UK: Cliff Richard wins major privacy lawsuit against the BBC
British singer Sir Cliff Richard has won a major privacy lawsuit against the BBC over its coverage of a police investigation into him.
Mr Justice Mann, sitting in the High Court in London, awarded £210,000 in damages, one of the largest-ever sums in this area of law.
Sir Cliff was represented by Gideon Benaim, partner and head of reputation protection at London-based Simkins, who led a team including fellow partner Jon Oakley, associate Jessica Welch and trainee Thomas Moore.
Sir Cliff claimed that the BBC and the South Yorkshire Police (SYP) had violated his rights both in privacy and under the Data Protection Act 1998, which had “radically affected” his life and finances.
Mr Justice Mann held the BBC and SYP partly liable for part of the damages. Of the first £190,000 in damages, the BBC must pay 65 per cent and the SYP must pay 35 per cent. The remaining £20,000 in aggravated damages must be paid by the BBC alone.
SYP had already agreed to pay Sir Cliff £400,000 as part of an earlier settlement with him, Mr Justice Mann noted.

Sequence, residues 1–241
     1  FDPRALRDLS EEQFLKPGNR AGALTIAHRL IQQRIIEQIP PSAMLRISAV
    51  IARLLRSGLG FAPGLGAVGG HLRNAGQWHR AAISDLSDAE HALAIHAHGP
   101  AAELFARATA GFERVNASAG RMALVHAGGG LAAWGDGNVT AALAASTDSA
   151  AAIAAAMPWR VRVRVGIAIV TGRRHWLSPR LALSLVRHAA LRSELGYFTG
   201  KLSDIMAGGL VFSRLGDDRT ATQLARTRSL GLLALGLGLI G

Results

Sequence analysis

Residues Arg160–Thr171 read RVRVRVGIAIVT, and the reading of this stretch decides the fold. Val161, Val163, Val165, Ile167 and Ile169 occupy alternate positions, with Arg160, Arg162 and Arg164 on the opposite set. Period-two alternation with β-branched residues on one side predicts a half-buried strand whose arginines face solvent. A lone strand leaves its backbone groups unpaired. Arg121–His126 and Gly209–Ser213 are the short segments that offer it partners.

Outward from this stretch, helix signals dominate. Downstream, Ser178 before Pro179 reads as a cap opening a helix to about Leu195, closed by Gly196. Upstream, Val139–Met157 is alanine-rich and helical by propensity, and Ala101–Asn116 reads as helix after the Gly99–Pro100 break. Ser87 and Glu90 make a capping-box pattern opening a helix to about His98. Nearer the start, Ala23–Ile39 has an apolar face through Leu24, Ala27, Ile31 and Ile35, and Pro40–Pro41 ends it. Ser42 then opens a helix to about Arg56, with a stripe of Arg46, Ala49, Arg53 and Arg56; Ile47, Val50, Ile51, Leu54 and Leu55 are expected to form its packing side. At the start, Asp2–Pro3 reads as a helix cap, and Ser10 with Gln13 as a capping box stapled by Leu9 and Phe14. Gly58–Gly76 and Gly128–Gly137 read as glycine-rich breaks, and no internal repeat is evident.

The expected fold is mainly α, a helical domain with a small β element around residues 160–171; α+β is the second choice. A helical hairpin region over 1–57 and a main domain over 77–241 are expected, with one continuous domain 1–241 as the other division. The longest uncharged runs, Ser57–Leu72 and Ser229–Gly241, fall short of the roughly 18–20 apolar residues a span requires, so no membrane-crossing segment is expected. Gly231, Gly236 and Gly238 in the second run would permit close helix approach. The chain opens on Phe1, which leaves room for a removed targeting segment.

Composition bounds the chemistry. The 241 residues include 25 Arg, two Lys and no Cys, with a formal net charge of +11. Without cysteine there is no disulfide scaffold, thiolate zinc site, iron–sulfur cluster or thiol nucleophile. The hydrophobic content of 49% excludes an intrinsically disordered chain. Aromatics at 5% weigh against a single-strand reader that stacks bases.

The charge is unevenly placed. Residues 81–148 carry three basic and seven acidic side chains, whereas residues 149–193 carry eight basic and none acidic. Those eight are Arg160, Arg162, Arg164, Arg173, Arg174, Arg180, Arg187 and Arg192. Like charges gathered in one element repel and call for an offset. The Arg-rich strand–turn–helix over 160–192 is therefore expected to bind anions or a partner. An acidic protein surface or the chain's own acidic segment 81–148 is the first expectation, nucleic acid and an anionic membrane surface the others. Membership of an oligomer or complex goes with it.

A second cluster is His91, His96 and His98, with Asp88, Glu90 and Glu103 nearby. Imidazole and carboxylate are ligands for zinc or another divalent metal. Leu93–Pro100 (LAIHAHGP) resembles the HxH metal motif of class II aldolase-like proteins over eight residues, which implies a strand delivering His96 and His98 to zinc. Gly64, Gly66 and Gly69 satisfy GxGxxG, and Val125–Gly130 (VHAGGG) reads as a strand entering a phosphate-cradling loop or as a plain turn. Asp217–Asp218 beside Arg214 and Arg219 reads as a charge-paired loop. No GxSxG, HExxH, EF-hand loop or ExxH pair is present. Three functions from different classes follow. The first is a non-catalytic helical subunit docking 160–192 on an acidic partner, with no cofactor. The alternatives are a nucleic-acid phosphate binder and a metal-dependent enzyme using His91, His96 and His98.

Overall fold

In his judgment, Mr Justice Mann held that “an accused should at least prima facie have a reasonable expectation of privacy in respect of an investigation” and that the fact of a police search, without more, does not remove the legitimate expectation of privacy which otherwise exists.
In this case, the nature of the offence which was being investigated - an historic sex offence - reinforced the legitimate or reasonable expectation because of the damage that could be done if it were revealed, and made the legitimate expectation a strong one.
Although the judge acknowledged that there is “a very significant public interest in the fact of police investigations into historic sex abuse, including the fact that those investigations are pursued against those in public life”, he said the public interest did not exist “in this case”.
He added that the BBC’s use of a helicopter to broadcast footage of a police search of Sir Cliff’s home was “to add sensationalism”.